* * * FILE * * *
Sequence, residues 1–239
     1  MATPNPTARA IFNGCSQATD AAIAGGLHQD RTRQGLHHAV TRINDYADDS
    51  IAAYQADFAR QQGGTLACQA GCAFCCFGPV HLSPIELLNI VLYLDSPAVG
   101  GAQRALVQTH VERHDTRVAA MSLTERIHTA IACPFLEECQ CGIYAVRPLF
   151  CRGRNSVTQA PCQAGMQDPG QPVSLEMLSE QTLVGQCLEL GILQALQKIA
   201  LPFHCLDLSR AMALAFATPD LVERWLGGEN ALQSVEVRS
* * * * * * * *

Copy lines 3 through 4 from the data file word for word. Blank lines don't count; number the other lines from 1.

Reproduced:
    51  IAAYQADFAR QQGGTLACQA GCAFCCFGPV HLSPIELLNI VLYLDSPAVG
   101  GAQRALVQTH VERHDTRVAA MSLTERIHTA IACPFLEECQ CGIYAVRPLF